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Chapter 7

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Queen's University
COMM 131
Jacob Brower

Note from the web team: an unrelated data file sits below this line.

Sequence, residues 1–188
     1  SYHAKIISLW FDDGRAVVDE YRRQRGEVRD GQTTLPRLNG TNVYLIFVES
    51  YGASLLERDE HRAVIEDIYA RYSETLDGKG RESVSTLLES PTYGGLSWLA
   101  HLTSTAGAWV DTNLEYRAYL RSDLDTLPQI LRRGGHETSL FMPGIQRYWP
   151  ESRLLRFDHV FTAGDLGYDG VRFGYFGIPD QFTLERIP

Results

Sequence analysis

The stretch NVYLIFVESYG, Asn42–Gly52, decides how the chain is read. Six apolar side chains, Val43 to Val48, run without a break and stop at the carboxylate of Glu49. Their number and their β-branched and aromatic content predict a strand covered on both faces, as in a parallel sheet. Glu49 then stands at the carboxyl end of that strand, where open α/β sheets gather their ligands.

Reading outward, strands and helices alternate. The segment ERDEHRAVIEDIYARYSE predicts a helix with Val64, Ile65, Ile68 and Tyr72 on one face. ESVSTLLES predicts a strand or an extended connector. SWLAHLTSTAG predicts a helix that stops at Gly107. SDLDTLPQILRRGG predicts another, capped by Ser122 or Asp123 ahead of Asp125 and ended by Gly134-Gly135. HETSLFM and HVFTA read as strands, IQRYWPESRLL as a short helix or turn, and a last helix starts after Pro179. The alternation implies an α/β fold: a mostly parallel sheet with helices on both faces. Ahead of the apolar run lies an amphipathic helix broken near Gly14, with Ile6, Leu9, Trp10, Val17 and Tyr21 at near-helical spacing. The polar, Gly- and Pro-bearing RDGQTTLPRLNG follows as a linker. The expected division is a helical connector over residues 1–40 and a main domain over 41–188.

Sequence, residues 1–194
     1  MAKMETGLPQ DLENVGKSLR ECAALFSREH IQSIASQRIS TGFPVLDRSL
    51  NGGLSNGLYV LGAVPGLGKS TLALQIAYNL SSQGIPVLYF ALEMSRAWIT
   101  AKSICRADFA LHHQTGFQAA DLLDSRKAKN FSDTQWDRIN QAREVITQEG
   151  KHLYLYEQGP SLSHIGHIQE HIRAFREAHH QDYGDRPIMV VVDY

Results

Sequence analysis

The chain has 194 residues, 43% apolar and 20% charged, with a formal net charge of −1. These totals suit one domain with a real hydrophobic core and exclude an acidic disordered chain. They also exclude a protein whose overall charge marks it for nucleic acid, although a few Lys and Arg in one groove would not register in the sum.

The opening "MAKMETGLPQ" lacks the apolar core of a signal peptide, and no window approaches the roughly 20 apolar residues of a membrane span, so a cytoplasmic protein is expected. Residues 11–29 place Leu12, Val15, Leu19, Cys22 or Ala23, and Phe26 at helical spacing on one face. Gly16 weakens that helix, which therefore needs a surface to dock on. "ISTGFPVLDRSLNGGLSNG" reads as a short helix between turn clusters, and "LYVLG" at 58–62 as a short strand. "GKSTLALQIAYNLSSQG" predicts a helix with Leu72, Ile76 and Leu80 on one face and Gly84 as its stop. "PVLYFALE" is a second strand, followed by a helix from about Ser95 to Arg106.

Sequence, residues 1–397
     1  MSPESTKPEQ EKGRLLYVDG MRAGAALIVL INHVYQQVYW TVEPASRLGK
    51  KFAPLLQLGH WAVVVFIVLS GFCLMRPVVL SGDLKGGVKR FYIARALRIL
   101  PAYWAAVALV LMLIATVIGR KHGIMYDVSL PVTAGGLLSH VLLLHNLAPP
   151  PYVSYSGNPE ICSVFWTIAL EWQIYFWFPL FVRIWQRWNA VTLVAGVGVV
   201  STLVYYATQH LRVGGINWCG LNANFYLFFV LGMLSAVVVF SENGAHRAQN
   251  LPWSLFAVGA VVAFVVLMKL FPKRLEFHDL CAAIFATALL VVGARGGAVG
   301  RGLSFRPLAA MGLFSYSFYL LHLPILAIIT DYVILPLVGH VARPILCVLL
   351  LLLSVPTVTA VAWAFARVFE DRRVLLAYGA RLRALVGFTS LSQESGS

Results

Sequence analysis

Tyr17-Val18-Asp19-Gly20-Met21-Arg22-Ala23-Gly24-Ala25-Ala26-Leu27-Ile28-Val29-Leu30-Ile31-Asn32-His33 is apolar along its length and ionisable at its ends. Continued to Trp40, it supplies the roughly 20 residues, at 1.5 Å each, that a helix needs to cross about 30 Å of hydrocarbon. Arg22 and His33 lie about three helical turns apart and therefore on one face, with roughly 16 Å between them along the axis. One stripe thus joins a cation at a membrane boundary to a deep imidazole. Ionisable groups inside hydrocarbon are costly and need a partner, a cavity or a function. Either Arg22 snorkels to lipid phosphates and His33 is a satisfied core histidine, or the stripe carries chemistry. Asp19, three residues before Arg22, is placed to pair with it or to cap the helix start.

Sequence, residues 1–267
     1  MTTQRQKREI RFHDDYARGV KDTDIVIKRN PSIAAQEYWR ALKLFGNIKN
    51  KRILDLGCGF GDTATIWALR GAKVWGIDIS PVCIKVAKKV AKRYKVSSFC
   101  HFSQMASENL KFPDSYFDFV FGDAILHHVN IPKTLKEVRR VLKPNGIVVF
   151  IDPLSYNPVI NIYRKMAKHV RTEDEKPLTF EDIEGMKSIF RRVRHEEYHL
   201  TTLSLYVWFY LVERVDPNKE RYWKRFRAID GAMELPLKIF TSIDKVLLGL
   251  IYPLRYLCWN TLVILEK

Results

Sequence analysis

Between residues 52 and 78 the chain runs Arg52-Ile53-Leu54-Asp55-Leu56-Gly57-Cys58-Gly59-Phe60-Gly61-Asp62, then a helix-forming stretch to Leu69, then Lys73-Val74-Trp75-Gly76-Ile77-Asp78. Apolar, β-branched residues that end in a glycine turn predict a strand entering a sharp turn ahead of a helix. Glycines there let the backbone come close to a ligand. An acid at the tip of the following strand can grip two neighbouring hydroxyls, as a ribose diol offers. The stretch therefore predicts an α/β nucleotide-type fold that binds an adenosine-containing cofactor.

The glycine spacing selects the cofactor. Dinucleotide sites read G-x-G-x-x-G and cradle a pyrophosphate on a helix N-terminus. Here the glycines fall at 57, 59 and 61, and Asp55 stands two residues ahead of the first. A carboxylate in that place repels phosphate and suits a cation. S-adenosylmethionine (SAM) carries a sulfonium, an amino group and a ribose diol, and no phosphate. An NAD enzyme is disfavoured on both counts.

Marketing Chapter 7: Segmenting, Targeting, and Positioning January 17, 2012 - Companies must identify the parts of the market it can serve best and most profitably - Aim to design customer-driven marketing strategies that build the right relationships with the right customers Steps to a Customer-Driven Marketing Strategy 1. Market Segmentation 2. Market Targeting 3. Market Differentiation 4. Market Positioning Market Segmentation - Segmentation: Dividing a market into distinct groups with distinct needs, characteristics, or behaviours that require separate marketing strategies and mixes. Segmenting Consumer Markets 1. Geographic Segmentation - Dividing a market into different geographical units (global regions, countries, provinces, cities, type of region, etc.) - Pay attention to geographical differences in needs and wants - ie. Coca-Cola made four ready-to-drink canned coffee for the Japanese market, each targeted at a specific region - Small businesses (hair salons, dentist offices) focus on local regions - Destination-type businesses (restaurants, sports facilities) focus on larger regions 2. Demographic Segmentation - Dividing the market into segments based on variables such as age, gender, family size, life cycle, income, education, ethnic group, generation, etc. - Most popular way to segment - Demographics are easy to measure Age and Lifecycle Segmentation - Consumer needs and wants change with age - Some companies target groups in the same life-cycle stage - ie. Disney Cruise Lines targets families with children Gender Segmentation - Used in clothing, cosmetics, toiletries, magazines, etc. - Neglected gender segments offer new opportunities in markets - ie. Harley Davidson – motorcycles for women Household Income (HHI) - Total income for the family, whether one or both parents work - Used for vehicles, clothing, cosmetics, financial services, travel, etc. - ie. Four Seasons Hotel, No Frills, Dollerama Ethnic or Culture Group - Segmenting based on race, ethnicity, and language - ie. Hyundai’s French-only advertising campaign for Quebec 3. Psychographic Segmentation - Dividing a market into different segments based on social class, lifestyle, or personality characteristics - Marketers can use personality variables to segment (ie. Royal Caribbean Cruises target high-energy couples and families with their various activities) 4. Behavioural Segmentation - Dividing a market into segments based on consumer knowledge, attitudes, uses, or responses to a product Occasions - Buyers can be grouped according to occasions when they get the idea to buy, actually make the purchase, or use the purchased item - Helps firms to build up product usage - ie. Most people drink orange juice in the morning – companies try to get people to drink it all the time Benefits Sought - Groups buyers according to the benefits they seek from a product - Requires finding major benefits of a product, the kind of people who look for each benefit, and major brands that deliver it - ie. Active wear purchasers buy either based on function, style, performance, durability, etc. User Status - Segmented into light, medium, and heavy product users - Heavy users are a small percentage of market, but large percentage of total consumption Loyalty Status - Segmented based on degree of consumer loyalty - Completely loyal users buy one brand all the time - Somewhat loyal users are loyal to a few brands of a given product, or favor one brand while sometimes buying others - Studying less-loyal buyers shows a company their competition Using Multiple Segmentation Bases - Marketers rarely limit their segmentation to only one variable - Using multiple segmentation bases identifies smaller, better-defined target groups - ie. Targeting 18-year-old males in various life cycles (university students, new careerists, young marrieds) - PRIZM NE (leading segmentation system) classifies households based on various demographic factors, then names each segment - LGBT Market: Lesbian, Gay, Bisexual, Transgender Segmenting Business Markets - Segmented based on geographics, demographics, benefits sought, user status, usage rate, loyalty status, operating characteristics, purchasing approaches, situational factors, and personal characteristics - ie. American express targets businesses in three segments – merchants, corporations, and small businesses - Different marketing techniques for each segment - Companies may target both consumer and business markets - Buying behaviour and benefits provide the best basis for segmenting business markets Segmenting International Markets - Different countries vary in their economic, cultural, and political makeup - International markets must be segmented based on buying needs and behaviours Geographic Location - Group countries into regions (Western Europe, Pacific Rim, Middle East) - Assumes nations close to one another will have common traits (not always the case) - ie. North America includes Mexico though it is usually ignored when marketers decide to target North America Economic Factors - Grouped by population income levels or overall level of economic development - Economic structure of a country shapes its product and service needs - ie. BRIC countries are fast growing, developing economies with rapidly increasing buying power Political and Legal Factors - Type and stability of government, receptivity to foreign firms, monetary regulations, amount of bureaucracy, etc. Cultural Factors - Languages, religions, values and attitudes, customs, behavioral patterns Intermarket Segmentation - Forming segments of consumers who have similar needs and buying behaviour even though they are located in different countries - ie. Lexus’ “Global Elite” segment targets the world’s well-to-do - ie. IKEA targets the global middle class Requirements for Effective Segmentation 1. Measurable: Size, purchasing power, and profiles of a segment can be measured 2. Accessible: Market segments can be effectively reached and served 3. Substantial: Market segments are large or profitable enough to serve 4. Differentiable: Segments are distinguishable and respond differently to different marketing-mix elements and programs 5. Actionable: Effective programs can be designed for attracting and serving segments Market Targeting Evaluating Market Segments 1. Segment size and growth - Companies will be interested in segments with the right size and growth - Largest, fastest-growing segments are not always the most attractive - Small companies may lack the skills and resources needed to serve larg